As a matter of fact, the success of CPEC hinges upon the Gwadar Port. Out of the 2,366 vessels registered in South Asia till 2020, 14 were from Pakistan, 1,429 from India, 627 from Bangladesh, 196 from Sri Lanka and 100 from Iran. With this limited number of national flag vessels, Pakistan pays approximately $5 billion per annum in freight charges to the foreign flag carriers. Global ship building and repair services market is estimated to reach $40 billion by 2028, with a major share in Asia.

Pakistan’s contribution to ship-building and repairing is limited to Karachi Shipyard and Engineering Works. Its 26,000 DWT capacity is far less than other shipyards in the region. Due to the immediate proximity to the Gulf SLOCs, approximately 21 million barrels of oil pass through Pakistan’s EEZ on a daily basis. This offers an opportunity to extend repair and maintenance facilities to vessels plying along these SLOCs. Pakistan has announced a plan to build a new shipyard in Gwadar. Pakistan and China have agreed to develop it jointly.

South Asia currently dominates the shipbreaking industry due to the low labour costs. As of year 2020, 630 ocean-going commercial vessels were sold to scrap yards. Out of these, 446 (90 percent of the gross tonnage dismantled) vessels of different categories were broken down on three beaches in South Asia: 203 in Alang, India, 144 ships in Chittagong, Bangladesh, and 99 at Gaddani, Pakistan. Besides lagging behind in specialised expertise, our shipbreaking industry is affected by lack of demand in steel across the country.

Blue economy is a relatively new concept. However, it is rapidly gaining support and consideration at the global level. In Pakistan, there is a dearth of understanding of the importance of this aspect of economic development. There is a dire need to undertake a campaign for establishing the significance of the blue economy. There is so much to be done in this regard, involving the academia, governmental and non-governmental organisations, think tanks, entrepreneurs, educational institutions and, above all, the public to grasp the essentials as well as dividends of the blue economy.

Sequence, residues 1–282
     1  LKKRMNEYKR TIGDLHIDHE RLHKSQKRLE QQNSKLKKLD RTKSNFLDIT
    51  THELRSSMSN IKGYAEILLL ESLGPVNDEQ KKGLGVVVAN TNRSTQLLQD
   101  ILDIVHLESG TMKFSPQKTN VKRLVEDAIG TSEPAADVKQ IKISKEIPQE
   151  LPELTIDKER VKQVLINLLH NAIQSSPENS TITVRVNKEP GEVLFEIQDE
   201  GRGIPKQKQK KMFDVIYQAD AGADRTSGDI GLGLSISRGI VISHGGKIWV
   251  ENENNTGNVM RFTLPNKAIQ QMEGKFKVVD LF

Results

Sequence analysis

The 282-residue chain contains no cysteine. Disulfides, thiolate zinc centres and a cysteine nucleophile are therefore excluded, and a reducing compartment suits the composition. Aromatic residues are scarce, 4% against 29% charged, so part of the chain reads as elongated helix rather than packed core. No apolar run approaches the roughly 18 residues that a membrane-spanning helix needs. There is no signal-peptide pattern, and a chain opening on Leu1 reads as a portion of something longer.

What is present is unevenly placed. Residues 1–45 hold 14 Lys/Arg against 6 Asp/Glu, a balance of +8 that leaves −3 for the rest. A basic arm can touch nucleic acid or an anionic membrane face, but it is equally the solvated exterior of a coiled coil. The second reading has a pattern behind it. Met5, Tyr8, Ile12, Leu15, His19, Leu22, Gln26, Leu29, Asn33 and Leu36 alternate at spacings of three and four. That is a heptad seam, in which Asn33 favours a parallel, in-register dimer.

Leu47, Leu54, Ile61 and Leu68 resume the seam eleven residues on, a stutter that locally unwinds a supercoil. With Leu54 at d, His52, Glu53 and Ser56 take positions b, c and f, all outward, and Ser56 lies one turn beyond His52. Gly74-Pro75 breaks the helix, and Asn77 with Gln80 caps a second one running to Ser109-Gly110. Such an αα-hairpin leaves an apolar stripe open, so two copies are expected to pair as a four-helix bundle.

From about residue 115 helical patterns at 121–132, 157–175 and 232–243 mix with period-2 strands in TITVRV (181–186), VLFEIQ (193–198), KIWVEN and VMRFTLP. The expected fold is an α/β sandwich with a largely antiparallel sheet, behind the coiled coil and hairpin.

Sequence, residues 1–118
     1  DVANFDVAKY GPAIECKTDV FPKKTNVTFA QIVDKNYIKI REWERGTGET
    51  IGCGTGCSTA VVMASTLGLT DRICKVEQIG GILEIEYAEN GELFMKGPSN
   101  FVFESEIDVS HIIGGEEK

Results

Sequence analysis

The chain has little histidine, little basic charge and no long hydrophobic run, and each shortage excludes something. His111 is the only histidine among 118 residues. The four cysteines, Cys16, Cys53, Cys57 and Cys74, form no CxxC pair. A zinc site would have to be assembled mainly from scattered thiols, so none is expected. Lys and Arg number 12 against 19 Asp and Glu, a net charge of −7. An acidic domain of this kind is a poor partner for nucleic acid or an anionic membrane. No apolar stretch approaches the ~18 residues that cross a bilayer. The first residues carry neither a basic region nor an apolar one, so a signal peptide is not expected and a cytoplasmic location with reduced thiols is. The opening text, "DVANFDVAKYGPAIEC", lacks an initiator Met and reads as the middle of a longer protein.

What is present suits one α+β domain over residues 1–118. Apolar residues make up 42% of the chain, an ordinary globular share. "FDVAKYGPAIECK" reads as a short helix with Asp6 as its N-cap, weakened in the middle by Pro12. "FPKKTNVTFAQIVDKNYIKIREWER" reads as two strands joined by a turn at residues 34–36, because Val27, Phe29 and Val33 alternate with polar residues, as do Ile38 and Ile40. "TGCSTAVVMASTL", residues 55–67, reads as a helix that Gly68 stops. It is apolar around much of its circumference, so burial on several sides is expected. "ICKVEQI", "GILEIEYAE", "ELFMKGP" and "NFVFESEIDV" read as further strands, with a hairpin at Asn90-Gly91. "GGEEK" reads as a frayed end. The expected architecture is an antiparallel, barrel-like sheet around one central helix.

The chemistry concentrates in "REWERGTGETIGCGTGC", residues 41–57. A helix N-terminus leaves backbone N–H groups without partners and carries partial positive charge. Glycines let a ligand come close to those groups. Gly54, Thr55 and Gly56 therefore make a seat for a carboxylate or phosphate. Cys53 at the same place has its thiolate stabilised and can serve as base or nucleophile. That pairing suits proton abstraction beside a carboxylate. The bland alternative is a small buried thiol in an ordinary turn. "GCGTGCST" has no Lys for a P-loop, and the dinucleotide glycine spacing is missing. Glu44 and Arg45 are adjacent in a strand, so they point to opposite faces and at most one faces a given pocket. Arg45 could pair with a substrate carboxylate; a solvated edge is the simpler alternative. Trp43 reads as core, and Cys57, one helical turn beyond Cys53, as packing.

The task, however, is not simple. It requires great effort and resources. Above all, it needs conviction across the board to realise the dream. The government has the lead role in this but non-governmental organisations can serve as the engine. Efforts have been begun by the Pakistan Navy to underscore the importance of the blue economy. It is organising the first Pakistan International Maritime Expo and Conference from February 10 to 12.

This will be a great opportunity to highlight the potential of our blue economy sectors not only for the domestic audience but also for international investors. The event in which more than 65 countries are expected to participate, will provide an ideal platform for G2B and B2B interaction and negotiations with the target customers and decision makers, as a large number of trade and industry participants from the local and international maritime sector will be attending the event.

The exhibitors will not only participate and showcase their core strengths but can also harness the potential benefits of the blue economy, mainly in the categories of ship/ crew building opportunity, renewable energy, offshore drilling, marine biotechnology, desalination plants, fisheries, marine tourism and coastal development.

The growing role of technology cannot be denied in the maritime domain. It is important to underscore here that doing it with conventional wisdom may not accrue the desired outcome, hence advanced technology should be aimed at. The government has to be cognizant of this aspect. The PIMEC is a prudent step but a PIMEC every two years may not suffice. There is a need for a comprehensive action plan to chart out this journey.

This can be accomplished in three steps: identify, connect and mobilise. The stakeholders in the blue economy need to be identified first. This includes a wide range of actors, who need to be connected with one another so that everybody understands the various roles to be played by them.

They also need to be mobilised for the task. This all requires a clear understanding on part of the government and the relevant departments. Without a comprehensive plan of action and clear understanding Pakistan’s blue stock could remain unearthed for many more years.

The writer is a communication strategist at the Institute of Regional Studies, Islamabad, with an interest in the maritime sector. She can be reached at reema.asim81@gmail.com

Taking stock of the blue economy